But basketball isn’t the only sport played out at Freedom Hall.
In fact, the facility was originally constructed for one event—the Kentucky State Fair World Championship Horse Show.
But for UofL fans, Freedom Hall will always be tied to the kind of school pride that only basketball and other major collegiate sports seem to attract. “The Hall” has showcased not only the men’s basketball team’s mastery on the hardwood, but the women’s team as well. Going into this season, the women’s team had compiled an all-time record of 216–58 at Freedom Hall.
Not to be overlooked is the talent of UofL’s coed cheerleaders, who have claimed 14 national championships. The all-female cheerleading squad has won eight national titles. And UofL’s Ladybirds dance team has won eight national titles.
As the Cards play their last season at Freedom Hall under Coach Rick Pitino’s capable tutelage, the athletics department has gone all out to recognize the players who have stood out over the years. The goal during this season is to have one of these players at each home game. Each is being recognized with a short video tribute.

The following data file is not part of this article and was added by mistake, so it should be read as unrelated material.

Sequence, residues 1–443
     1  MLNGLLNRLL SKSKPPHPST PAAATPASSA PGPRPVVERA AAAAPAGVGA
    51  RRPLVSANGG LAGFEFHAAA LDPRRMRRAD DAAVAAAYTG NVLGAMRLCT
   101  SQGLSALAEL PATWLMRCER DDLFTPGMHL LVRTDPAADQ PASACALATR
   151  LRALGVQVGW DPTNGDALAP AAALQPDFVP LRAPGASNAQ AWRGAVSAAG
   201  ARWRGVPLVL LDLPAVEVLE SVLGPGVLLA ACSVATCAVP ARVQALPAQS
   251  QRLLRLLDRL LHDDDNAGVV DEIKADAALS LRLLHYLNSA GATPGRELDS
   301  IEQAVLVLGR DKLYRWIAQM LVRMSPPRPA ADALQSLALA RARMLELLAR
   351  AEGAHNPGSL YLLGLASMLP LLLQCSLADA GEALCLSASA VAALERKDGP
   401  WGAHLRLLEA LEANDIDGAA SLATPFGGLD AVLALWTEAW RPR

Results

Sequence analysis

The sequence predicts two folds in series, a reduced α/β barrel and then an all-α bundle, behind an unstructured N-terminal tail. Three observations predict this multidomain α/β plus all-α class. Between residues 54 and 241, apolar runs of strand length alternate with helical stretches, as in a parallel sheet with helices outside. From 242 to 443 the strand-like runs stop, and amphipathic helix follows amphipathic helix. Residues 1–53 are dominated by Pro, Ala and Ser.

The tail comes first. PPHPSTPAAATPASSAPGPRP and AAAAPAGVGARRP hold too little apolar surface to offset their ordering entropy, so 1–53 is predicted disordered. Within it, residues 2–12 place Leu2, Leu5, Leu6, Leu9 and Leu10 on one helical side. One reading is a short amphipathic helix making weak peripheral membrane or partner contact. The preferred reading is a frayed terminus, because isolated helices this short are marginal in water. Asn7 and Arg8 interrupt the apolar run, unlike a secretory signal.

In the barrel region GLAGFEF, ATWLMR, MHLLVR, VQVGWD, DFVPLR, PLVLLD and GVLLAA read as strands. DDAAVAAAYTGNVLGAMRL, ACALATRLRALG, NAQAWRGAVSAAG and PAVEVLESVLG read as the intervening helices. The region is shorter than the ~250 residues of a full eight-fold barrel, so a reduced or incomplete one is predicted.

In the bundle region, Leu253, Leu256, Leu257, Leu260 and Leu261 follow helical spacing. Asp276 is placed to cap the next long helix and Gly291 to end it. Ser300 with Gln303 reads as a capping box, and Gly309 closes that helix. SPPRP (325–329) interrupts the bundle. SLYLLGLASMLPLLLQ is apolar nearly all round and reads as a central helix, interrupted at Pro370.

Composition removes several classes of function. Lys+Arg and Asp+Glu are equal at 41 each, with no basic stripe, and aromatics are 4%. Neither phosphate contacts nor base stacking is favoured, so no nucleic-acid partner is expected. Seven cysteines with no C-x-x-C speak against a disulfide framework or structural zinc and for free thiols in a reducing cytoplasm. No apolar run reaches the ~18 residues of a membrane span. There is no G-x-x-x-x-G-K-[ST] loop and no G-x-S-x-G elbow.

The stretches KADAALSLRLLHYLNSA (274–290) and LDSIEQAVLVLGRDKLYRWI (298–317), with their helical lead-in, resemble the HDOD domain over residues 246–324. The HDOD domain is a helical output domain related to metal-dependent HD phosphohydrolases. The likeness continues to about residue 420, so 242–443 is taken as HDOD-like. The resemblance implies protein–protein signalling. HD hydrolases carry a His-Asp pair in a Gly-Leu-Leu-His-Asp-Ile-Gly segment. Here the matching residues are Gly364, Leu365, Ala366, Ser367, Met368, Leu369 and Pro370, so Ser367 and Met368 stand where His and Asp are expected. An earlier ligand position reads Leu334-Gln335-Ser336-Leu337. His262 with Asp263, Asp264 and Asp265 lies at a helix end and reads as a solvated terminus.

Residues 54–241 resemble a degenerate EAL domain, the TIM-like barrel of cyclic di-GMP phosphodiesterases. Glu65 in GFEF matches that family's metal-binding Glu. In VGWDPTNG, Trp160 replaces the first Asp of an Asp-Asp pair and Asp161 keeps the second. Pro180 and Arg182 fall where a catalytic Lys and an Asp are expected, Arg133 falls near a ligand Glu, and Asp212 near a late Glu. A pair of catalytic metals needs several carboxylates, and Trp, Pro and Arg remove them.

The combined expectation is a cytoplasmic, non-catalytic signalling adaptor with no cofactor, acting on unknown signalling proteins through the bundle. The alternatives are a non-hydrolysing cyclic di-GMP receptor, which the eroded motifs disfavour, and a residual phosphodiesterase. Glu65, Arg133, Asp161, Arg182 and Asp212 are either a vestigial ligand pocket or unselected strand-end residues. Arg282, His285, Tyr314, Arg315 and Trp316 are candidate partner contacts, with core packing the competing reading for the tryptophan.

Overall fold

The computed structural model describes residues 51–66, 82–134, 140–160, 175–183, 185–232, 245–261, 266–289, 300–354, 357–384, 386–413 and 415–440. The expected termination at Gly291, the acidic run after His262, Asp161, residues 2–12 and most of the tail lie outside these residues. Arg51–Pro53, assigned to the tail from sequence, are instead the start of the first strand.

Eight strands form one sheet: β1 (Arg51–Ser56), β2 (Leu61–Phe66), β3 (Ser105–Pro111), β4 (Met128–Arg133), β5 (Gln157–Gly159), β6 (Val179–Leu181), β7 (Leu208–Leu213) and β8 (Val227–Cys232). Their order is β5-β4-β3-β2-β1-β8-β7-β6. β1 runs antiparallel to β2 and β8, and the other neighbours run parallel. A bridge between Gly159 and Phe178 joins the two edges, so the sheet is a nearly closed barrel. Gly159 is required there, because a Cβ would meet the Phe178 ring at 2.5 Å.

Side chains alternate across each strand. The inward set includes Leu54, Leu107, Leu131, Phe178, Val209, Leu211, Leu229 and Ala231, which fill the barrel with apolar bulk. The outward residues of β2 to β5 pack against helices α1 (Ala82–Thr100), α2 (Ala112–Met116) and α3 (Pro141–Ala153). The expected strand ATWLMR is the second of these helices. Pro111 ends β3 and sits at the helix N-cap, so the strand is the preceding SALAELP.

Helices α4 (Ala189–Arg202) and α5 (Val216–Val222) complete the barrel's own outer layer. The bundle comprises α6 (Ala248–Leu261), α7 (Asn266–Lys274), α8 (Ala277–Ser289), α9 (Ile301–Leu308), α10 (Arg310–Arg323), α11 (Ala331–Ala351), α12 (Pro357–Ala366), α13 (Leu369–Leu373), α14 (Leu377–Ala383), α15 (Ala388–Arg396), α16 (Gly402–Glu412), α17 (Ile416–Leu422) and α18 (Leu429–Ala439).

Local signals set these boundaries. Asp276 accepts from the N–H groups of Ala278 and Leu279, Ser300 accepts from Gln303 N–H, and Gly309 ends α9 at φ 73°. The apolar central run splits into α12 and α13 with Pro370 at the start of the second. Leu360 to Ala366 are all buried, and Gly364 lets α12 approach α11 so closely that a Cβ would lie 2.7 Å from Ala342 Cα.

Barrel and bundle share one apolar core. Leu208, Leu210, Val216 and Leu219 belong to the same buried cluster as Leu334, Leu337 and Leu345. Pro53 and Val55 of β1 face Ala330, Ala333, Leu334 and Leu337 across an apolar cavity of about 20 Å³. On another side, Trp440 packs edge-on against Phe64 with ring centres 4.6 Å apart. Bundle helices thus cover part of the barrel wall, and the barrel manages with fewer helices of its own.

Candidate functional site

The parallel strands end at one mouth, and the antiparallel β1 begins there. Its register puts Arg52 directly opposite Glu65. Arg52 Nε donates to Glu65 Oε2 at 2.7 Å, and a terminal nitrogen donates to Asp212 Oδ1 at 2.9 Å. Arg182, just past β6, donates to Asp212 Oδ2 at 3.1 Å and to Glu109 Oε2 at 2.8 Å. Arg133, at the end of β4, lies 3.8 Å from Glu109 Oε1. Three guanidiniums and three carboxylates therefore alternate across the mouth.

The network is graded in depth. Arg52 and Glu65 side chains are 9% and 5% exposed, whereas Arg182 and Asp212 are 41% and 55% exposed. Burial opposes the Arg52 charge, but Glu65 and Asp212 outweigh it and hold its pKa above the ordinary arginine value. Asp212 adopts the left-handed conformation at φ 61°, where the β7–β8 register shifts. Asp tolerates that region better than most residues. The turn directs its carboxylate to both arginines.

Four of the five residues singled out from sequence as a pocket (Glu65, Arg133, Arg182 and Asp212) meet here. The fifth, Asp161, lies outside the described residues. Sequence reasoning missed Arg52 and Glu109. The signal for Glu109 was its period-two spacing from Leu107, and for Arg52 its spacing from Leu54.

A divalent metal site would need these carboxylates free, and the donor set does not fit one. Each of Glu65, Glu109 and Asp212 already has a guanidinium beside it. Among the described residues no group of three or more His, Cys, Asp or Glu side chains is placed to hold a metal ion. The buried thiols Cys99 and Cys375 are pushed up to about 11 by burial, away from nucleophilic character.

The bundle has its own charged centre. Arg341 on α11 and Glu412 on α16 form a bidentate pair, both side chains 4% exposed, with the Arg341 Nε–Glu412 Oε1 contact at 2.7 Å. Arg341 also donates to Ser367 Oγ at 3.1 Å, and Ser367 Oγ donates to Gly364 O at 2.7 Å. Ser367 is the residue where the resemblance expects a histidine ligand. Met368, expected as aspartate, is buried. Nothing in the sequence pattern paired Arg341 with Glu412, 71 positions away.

The department is also planning to do a rundown, through a fan vote, of all the greatest games played at Freedom Hall. A big event will be held at the final home game against Syracuse on March 6.
In Coach Crum’s eyes, Freedom Hall deserves all that and more in the way of kudos.
“We’ve had great fans and great support for the basketball program over the years,” he says. “Freedom Hall is a great place to watch and play basketball.”